Even before I entered the next space I was aware of music, loud, brash and funerial.  In this darkened room was an animated art work by William Kentridge, considered by many as South Africa’s leading contemporary artist.  There were six 3 X 5 metre screens depicting a landscape that looked like a devastated world, done in charcoal.  The work is called  “More Sweet Play Dance” (2015).

In the foreground, figures that had been filmed were moving epically across this landscape from one screen to the next and out at the last one.   In part, the feeling was of a parade of grief;  in part, a parade of triumph.  A most moving experience.

In another series of rooms was an exhibition by Roger Ballen, an American-born South African artist who is known for his photography.  This exhibition, however, was partly sculpture, partly child-like drawings.  The theme was that the mind was a home refuge against external threats.  The effect was unsettling, touching on an uneasy dream.

 

 

 

Benin artist Julien Sinzogan, b. 1957, exhibited two painting/sketches dealing with the history of slavery.

Le Choc du Cultures

Bon vent a tous

There was an exhibition of 19th-century images of runaway slaves, probably American, together with detailed descriptions of what these people looked like.  This is the work of British-born artist Isaac Julien, an example of African diaspora art.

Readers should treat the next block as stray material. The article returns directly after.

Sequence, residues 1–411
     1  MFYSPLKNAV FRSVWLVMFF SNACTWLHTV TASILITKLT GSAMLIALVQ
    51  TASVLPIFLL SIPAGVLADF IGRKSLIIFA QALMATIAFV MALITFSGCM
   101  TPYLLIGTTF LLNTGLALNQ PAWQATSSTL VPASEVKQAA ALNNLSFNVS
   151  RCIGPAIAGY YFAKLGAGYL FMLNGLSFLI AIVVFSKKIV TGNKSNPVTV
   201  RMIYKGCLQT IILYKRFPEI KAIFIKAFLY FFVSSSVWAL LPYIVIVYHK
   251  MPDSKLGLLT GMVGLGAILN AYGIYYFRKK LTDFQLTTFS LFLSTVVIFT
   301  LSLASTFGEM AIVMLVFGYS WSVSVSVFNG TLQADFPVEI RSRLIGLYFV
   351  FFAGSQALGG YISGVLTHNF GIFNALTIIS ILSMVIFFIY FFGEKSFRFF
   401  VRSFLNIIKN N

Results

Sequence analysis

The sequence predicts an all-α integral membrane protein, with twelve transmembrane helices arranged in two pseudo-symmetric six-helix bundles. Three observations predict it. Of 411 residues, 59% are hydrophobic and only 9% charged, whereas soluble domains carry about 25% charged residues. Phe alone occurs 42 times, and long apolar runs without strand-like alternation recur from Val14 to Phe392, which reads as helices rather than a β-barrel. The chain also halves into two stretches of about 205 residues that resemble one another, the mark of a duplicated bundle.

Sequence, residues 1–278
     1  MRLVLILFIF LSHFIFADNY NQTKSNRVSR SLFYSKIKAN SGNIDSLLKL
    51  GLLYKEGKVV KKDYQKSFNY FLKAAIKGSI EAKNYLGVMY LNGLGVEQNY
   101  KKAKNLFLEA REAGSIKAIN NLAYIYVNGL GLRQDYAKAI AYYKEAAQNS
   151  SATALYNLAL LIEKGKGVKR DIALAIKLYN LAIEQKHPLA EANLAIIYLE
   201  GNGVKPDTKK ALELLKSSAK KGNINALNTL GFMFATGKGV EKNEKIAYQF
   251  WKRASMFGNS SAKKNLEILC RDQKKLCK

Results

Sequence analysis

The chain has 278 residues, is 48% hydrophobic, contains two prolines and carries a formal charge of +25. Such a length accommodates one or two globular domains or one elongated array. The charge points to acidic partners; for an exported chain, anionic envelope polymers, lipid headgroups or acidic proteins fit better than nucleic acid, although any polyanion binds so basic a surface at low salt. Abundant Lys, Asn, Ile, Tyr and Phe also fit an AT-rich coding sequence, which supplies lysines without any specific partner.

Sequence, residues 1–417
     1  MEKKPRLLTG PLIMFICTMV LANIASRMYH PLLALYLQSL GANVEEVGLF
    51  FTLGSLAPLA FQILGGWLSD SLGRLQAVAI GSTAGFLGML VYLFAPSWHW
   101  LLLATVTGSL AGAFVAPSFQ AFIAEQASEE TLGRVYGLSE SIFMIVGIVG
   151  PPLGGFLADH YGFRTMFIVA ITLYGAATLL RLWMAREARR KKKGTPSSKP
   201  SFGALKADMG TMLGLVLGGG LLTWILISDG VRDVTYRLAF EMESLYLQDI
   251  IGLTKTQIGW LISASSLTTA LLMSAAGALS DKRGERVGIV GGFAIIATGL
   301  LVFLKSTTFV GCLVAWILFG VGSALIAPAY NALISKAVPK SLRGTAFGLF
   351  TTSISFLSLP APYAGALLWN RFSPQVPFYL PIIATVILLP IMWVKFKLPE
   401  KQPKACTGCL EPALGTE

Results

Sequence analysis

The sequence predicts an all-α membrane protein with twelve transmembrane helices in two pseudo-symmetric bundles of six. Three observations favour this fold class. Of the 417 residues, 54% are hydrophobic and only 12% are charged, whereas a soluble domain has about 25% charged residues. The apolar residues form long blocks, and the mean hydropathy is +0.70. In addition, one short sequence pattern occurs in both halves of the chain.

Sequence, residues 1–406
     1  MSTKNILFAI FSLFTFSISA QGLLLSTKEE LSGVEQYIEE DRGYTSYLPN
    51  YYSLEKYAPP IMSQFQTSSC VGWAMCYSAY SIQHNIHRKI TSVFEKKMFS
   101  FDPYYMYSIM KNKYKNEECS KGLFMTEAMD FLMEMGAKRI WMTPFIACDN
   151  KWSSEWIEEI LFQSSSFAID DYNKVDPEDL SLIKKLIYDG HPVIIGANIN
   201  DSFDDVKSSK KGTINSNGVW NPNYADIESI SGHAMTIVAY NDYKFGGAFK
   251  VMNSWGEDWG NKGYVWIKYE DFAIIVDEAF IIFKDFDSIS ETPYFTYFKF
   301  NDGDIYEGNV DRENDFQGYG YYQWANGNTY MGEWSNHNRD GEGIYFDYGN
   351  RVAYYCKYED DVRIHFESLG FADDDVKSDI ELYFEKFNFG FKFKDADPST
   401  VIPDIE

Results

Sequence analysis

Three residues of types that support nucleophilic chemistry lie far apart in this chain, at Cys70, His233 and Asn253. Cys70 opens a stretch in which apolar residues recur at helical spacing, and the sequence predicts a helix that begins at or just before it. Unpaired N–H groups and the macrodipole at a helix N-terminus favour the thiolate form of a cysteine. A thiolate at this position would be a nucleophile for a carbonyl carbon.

© Will van der Walt

www.willwilltravel.wordpress.com

Bridgewater, Somerset West

Written mid-September, 2018

 

With thanks to Douglas

 

Zeitz Museum of Contemporary African Art

Third in a series of three

One exhibition space was given to a thematically-unified  series of dark sculptures by Leonice Raphael Agbeojelou from Benin, b. 1965.  I did not record the context of the work, but it felt like an anti-war statement.  There were realistic soldiers, armed and determined.  There was a leader (?) on a horse above them all.  There were several luridly-painted dogs, snarling.  I find it tragic that so much artistic energy goes into the depiction of some kind of suffering and protest.

I was impressed by the work of Ruby Swinnes, a South African artist, b. 1997.  Her images seem to be inspired by Rilke’s words Making dreams of night real.   She depicts groups of people and it often feels as though they are moving through half-familiar parks of some kind.

There were many other things and I felt conveyed from the world of cute African figurines into a harder world of contemporary reality in Africa.  There is much anguish and pain in this work.  There is the cry of protest and bitter historical resentment.  That this magnificent museum has been constructed and exhibits what it does may be some grounds for optimism for this continent.

© Will van der Walt

www.willwilltravel.wordpress.com

Bridgewater, Somerset West

Written mid-September, 2018

 

Images

My photographs